Cancer keeps haunting my family. These past few years cancer has taken three of my loved ones, made one fight hard and strong against her cancer, and another is still fighting. This is just within my family; I have not even counted other loved ones outside of my family. The haunting of cancer kept coming up in different forms and types. I started telling myself that I wish cancer would develop all forms of cancer and kill itself.
The most recent loss to took a huge toll on my family was losing our father. On July 8, 2015, our father, Eddie Kwan Ho Yu, decided to leave this world. He wanted to free himself from the colon cancer that was eating him up. Our father was diagnosed with stage IV colon and liver cancer in October of 2013. We miss him very much. Some days a lot more and others days it is harder for one of my siblings than the other. Other days our mother has a very hard time. Yet, I strongly believe we are truly happier knowing that our father no longer has to be dealing with the pain of cancer.
Anyone who has seen someone fighting cancer would understand what I mean. What cancer does to the person physically, mentally, and emotionally is indescribable. The pain you see that person endures breaks you apart. To be honest, I do not know if one can ever fully recover from the images, emotions, and pain they experience from seeing someone they love in that state.
Maybe that is why I decided to put together a Get Your Rear in Gear for the San Francisco Bay Area. I did not want another family to go through what my family had to. Our first race was July 10, 2016, at Golden Gate Park in San Francisco. When I signed up to be the local event director I had no idea what I really was doing. All I focused on was that I needed to do something and educate people. I wanted to educate the Asian community, which is my community, about how lethal colon cancer can be. Very few people know colon cancer is the second leading cancer related to deaths. Very few people know that if colon cancer is cancer is caught early it is very curable. Although, the sad truth is colon cancer usually is not detected until later stages and it is too late by then.
My family and father did not know any of that information. Prior to his diagnosis, my father seemed normal and healthy. He was still active and complained of no medical issues or feeling sick. Then all of a sudden on September 30th he had a minor TIA (mini-stroke), which made us check him into the ER. In a few hours the doctor said he had a minor stroke, but things seem ok. Since our father, like many traditional Chinese men in his generation, are stubborn and refuse to go to doctors regularly, my siblings and I took this chance with him at the hospital to make my dad do additional testing and screenings. We were concerned something was going on. We thought he should not have had a stroke all of a sudden.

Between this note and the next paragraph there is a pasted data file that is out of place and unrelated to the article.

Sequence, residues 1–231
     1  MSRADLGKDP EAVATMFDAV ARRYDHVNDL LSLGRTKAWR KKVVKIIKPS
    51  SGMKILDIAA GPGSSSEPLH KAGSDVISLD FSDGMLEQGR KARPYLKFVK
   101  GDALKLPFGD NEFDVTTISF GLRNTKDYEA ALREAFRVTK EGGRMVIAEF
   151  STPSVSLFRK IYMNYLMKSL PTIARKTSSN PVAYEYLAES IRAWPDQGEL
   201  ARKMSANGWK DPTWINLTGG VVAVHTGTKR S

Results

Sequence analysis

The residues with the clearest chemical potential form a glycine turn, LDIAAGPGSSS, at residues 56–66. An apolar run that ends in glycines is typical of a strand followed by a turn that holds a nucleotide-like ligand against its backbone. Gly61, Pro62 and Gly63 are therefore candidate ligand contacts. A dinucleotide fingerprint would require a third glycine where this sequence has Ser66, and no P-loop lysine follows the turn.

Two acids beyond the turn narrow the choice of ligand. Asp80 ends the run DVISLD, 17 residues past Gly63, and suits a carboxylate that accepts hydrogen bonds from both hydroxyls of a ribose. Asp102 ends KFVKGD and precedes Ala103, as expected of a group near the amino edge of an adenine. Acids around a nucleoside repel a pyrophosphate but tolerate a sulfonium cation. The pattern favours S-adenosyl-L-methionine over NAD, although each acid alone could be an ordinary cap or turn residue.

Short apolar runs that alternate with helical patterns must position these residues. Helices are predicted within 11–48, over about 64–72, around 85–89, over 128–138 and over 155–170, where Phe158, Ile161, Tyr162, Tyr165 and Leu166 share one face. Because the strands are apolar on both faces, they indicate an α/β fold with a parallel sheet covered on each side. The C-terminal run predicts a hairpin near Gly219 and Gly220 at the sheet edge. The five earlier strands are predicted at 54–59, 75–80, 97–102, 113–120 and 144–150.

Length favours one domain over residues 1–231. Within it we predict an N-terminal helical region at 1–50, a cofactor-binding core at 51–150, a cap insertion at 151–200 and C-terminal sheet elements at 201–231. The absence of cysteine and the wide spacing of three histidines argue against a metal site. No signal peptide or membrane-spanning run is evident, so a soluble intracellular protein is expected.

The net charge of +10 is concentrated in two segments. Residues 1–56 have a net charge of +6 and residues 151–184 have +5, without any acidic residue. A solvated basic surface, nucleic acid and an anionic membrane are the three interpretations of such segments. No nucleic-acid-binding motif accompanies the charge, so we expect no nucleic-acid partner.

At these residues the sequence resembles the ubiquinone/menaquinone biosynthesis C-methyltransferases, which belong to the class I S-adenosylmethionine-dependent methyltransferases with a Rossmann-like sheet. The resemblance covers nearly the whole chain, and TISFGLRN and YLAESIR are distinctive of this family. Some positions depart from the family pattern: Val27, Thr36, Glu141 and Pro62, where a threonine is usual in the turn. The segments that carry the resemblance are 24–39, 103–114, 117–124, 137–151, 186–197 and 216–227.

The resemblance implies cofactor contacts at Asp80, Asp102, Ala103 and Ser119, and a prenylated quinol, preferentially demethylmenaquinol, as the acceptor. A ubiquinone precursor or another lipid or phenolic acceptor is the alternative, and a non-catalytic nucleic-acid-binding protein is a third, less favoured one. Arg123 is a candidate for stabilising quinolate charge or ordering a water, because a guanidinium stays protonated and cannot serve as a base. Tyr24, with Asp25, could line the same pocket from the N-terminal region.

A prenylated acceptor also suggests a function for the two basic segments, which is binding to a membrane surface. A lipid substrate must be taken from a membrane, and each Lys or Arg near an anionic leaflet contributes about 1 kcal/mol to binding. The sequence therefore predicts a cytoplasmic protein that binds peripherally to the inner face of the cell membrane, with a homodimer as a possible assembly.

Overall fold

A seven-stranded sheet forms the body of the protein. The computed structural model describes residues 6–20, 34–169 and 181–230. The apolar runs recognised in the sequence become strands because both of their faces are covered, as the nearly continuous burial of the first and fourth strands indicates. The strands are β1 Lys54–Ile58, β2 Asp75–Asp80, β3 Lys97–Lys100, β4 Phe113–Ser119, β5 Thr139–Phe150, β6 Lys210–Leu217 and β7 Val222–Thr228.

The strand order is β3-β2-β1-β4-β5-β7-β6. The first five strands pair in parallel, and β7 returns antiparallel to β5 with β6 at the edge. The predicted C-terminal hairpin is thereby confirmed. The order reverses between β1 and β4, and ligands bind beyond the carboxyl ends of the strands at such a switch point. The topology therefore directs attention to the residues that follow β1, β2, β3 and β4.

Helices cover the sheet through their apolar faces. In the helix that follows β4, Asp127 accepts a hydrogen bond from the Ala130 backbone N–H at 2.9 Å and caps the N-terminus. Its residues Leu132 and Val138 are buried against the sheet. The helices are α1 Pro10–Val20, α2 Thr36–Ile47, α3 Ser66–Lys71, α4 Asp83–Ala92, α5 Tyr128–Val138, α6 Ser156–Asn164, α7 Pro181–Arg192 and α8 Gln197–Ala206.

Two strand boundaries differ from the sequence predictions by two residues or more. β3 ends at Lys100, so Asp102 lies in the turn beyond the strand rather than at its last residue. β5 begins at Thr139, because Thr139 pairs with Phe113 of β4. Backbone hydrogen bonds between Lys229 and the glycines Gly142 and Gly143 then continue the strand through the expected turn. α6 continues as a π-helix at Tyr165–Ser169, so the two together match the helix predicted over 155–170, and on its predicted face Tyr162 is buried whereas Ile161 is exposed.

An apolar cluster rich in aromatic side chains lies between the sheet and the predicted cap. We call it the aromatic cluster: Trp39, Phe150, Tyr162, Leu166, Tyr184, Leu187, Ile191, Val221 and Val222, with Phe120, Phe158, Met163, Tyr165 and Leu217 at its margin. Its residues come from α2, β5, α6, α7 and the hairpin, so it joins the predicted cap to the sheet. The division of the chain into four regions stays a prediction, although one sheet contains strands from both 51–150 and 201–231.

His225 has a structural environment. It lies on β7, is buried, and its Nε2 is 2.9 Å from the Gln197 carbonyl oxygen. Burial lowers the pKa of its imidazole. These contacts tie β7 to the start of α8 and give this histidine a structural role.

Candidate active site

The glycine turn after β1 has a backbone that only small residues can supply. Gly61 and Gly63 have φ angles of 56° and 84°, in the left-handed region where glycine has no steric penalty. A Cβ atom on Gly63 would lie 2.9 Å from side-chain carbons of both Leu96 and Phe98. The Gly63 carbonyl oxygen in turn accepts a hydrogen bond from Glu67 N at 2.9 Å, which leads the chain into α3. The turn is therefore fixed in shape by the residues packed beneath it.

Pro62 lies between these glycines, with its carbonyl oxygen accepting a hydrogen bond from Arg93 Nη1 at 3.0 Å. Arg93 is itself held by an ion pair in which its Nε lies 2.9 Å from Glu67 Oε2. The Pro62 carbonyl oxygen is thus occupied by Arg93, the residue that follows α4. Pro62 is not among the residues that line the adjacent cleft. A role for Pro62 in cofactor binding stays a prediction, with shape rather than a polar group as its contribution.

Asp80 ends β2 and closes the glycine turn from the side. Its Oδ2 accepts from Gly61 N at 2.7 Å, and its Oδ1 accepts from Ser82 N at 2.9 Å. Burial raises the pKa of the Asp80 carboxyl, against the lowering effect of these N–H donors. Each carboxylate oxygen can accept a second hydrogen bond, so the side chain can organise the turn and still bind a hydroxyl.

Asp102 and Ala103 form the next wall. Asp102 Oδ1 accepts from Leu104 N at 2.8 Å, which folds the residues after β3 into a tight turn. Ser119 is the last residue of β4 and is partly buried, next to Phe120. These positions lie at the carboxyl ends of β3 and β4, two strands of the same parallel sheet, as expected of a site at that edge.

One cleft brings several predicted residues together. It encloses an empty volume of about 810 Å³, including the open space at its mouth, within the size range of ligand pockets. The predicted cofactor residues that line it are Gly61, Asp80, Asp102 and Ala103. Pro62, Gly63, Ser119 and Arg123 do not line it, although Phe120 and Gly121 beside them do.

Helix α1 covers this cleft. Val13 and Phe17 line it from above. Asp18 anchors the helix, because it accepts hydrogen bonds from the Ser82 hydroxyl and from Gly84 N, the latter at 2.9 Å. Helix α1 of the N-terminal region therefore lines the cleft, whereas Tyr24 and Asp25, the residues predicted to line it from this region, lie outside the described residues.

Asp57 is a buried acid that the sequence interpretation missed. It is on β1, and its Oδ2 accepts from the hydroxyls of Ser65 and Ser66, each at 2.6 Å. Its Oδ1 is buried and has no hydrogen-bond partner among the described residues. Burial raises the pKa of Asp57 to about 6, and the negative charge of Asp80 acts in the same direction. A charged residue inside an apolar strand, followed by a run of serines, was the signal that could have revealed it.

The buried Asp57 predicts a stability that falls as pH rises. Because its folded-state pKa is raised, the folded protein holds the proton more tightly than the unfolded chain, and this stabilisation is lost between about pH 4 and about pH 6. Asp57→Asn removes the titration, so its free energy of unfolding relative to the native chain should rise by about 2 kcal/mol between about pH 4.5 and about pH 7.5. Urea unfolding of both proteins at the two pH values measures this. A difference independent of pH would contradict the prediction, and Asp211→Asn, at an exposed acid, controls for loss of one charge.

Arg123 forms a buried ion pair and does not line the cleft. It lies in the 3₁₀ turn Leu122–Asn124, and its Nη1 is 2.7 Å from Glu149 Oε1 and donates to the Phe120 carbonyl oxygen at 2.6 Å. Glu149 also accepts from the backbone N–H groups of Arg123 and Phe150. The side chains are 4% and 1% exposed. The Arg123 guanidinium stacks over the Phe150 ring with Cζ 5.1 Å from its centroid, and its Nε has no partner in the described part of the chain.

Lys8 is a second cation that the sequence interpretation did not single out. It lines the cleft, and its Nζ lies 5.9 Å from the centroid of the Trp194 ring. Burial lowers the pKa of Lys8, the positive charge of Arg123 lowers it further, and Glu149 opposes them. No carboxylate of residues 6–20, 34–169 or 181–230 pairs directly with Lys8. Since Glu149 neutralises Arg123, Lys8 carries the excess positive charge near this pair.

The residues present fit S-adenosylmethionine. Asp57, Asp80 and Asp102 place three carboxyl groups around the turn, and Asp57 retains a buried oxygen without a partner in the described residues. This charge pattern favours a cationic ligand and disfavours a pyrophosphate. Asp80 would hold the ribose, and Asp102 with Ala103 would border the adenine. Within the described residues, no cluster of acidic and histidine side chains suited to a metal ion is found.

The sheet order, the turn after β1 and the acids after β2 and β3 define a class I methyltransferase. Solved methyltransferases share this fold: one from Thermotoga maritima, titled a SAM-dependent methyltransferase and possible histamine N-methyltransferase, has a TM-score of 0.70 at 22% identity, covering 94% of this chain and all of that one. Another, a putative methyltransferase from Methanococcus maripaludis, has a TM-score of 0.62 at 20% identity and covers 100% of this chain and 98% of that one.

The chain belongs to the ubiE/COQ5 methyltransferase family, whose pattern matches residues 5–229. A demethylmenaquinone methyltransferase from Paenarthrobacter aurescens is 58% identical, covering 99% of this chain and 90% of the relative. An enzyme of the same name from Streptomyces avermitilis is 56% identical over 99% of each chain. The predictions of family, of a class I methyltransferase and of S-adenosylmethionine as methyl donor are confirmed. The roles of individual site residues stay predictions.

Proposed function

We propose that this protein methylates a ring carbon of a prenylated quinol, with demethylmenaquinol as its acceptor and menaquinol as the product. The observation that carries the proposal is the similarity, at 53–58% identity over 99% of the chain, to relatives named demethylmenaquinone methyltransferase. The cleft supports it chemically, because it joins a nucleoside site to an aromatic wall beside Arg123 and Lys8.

We did many testings and what they found was there was some blood clots in his legs. This could have caused him to have the minor TIA. Although, we saw other tests that showed he was low in blood. We did not feel right with that, so we asked for additional testing with a GI doctor.
This is where it becomes even scarier. The first test with the GI doctor showed he had some polyps. They said we should schedule surgery to remove it and test it to see if it is cancerous. His liver enzymes test results came back “good,” so they did not worry and said removing the polyps would be good. Since I was scheduled to go to Hong Kong in a few days, I asked the doctor if it will be harmful to delay the surgery to remove the polyps for two weeks. She said no, it will be ok. Long story short, when I was in Hong Kong I was talking to my siblings and things did not sound right or look right with my father. We noticed his tummy seemed to be getting bigger. We knew that was a sign of a body failing. We made him go back to his GI doctor for another testing. I was on a conference call in Hong Kong, in a completely different timezone, when I found out my dad had colon cancer. He was in stage IV and it had already travelled to the liver.
I share my story to show why it was so important for my family and I to raise awareness for early screening and education about colon cancer.
The “ignorance,” stubbornness, and cultural beliefs prevented our father from taking steps that could have saved him from this terrible cancer. My family and I feel we have to educate our community. They have to learn about early screening, prevention, and get educated. The belief that “we are ok and going to the doctor and/or getting screened will cause things to be not ok” needs to STOP. We want to find ways to communicate to our Asian community and the entire community around us. Our father may still be with us today if someone would have made one of us or him hear this message and get educated.Return To Faces Of Blue Learn More About Colon Cancer Get Your Rear in Gear- San Francisco, CA